Birds, brigalow, buffel and bovines: Brodie Crouch wins AW Howard Memorial Trust scholarship

CBCS Honours student Brodie Crouch has been awarded an AW Howard Memorial Trust scholarship. He takes up the story.

The splash of a platypus diving in our farm dam, red-backed, variegated and superb fairy-wrens flitting between leaves, and the honking call of white-bellied sea eagles; these are the scenes of my childhood spent growing up on a dairy farm an hour and half north of Brisbane. It has inspired me to look for solutions to reconcile the biodiversity crisis with increased food production, by improving biodiversity outcomes on agricultural land at minimal cost to production.

My Honours project is investigating how we can achieve this on grazing properties in the Brigalow Belt Bioregion. This is an area that has been rapidly developed for agricultural production, which has established and continued to support rural communities who produce high-quality food products, but at a cost to the region’s biodiversity. Throughout the Brigalow Belt, a recurring landscape feature is linear strips of woody vegetation, retained along fence lines and throughout paddocks – a way for land managers to retain native vegetation on their properties.

Value to pasture – and biodiversity

Earlier in the year, I was honoured to be awarded an AW Howard Memorial Trust scholarship, which will allow me to conduct fieldwork in the Morven, Augathella and Mungallala regions. The scholarship is awarded to students whose projects facilitate pasture research, so I am aiming to get an idea of not only the habitat value of these strips to woodland-dependent bird communities, but also what costs and benefits they provide from a pasture productivity perspective.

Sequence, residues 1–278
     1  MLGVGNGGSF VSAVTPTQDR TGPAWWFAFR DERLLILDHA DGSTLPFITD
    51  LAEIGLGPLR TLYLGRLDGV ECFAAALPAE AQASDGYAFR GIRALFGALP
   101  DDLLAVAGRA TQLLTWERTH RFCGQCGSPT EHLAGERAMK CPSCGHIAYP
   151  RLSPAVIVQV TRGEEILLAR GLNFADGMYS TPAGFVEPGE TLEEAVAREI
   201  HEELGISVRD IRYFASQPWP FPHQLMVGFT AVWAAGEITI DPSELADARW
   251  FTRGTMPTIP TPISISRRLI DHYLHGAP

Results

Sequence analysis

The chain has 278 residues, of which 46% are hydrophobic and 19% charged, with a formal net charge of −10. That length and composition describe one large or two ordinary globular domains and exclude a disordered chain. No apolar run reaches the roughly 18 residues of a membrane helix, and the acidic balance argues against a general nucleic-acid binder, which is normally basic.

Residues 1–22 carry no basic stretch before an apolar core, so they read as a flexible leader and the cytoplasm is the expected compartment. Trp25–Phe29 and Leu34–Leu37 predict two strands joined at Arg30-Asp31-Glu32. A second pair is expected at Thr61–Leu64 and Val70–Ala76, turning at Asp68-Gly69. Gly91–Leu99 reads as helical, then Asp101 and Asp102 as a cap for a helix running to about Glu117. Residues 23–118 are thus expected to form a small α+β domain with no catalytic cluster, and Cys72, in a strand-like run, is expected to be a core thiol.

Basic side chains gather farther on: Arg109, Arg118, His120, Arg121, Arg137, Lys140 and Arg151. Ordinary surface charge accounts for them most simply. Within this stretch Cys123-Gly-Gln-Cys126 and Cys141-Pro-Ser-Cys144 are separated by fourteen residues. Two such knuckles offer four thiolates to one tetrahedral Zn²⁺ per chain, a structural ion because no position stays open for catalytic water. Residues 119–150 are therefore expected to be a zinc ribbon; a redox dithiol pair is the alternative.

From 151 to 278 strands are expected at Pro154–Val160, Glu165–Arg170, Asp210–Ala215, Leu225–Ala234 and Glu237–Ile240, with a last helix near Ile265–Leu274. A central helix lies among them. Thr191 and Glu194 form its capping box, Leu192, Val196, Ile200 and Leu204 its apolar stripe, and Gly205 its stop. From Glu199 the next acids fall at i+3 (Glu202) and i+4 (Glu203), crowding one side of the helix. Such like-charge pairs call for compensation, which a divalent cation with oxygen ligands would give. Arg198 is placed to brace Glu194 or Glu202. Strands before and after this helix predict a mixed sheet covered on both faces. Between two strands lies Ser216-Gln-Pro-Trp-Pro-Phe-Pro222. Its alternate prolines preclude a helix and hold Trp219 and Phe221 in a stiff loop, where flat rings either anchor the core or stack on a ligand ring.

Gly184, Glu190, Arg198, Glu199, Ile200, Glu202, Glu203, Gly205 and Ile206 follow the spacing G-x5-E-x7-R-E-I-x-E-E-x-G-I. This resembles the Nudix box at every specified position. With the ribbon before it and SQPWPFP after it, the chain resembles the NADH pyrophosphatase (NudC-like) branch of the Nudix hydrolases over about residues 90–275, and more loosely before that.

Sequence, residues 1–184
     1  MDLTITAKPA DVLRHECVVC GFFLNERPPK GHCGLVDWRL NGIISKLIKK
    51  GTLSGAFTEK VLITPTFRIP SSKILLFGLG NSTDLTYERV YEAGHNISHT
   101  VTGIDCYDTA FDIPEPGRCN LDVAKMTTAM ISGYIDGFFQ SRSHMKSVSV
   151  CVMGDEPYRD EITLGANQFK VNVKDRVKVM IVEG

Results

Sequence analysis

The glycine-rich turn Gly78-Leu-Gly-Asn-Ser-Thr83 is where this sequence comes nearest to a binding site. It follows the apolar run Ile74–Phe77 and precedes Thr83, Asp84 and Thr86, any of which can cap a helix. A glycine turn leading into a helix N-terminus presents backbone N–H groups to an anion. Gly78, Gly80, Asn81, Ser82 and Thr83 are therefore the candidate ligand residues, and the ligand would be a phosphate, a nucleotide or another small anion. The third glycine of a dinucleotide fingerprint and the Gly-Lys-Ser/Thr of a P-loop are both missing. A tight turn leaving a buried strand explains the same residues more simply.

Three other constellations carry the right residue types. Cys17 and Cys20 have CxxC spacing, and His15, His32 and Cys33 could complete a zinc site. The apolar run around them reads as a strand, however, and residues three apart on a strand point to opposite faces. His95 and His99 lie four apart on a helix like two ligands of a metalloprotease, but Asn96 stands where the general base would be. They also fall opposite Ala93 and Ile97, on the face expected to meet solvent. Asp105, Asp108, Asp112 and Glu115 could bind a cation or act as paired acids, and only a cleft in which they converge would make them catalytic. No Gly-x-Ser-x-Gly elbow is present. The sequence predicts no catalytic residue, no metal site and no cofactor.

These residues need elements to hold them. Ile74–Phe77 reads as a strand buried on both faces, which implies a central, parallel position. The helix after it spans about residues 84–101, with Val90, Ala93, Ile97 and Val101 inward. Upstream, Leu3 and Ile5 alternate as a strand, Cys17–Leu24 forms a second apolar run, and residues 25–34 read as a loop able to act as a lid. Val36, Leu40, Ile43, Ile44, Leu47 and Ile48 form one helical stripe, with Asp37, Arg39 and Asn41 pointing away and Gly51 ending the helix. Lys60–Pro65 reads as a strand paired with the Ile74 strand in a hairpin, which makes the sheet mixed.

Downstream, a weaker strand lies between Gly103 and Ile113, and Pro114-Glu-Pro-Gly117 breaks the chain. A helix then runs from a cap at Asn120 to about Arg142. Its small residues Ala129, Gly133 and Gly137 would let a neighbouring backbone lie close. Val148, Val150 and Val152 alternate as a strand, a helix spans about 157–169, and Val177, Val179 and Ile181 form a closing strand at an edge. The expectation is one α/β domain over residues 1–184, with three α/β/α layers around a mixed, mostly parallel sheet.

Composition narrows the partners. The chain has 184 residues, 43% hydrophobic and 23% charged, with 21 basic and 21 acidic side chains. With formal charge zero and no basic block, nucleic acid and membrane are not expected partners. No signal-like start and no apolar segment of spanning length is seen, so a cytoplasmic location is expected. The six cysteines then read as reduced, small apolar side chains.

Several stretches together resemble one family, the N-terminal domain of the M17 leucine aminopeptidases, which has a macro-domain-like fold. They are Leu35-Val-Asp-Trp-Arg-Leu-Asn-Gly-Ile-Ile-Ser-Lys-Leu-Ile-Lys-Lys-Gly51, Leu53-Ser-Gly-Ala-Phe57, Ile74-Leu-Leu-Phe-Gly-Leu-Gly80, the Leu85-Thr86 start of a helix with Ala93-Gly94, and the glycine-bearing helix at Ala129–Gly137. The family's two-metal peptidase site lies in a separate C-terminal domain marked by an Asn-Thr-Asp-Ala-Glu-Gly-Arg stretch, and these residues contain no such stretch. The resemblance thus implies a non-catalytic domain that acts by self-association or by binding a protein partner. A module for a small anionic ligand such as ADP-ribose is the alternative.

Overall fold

Some evidence shows that retaining the strips of trees in grazing pastures has beneficial effects on pasture growth. So, there may be potential to improve biodiversity on grazing properties at a minimal cost to, or maybe even to the benefit of, agricultural productivity.

I’m very lucky to be working with an awesome supervisory team from both The University of Queensland and the Queensland Government’s Department of Agriculture and Fisheries. This is the dream research project for me, so I’m super-excited to get into the fieldwork component!. I headed out for my first round of bird and pasture surveys this winter, so stay tuned!


Teaser image: Brodie Crouch

Above image: Sunrise through a brigalow strip. Photo: Brodie Crouch

Project members

Brodie Crouch

Honours student
School of Earth and Environmental Sciences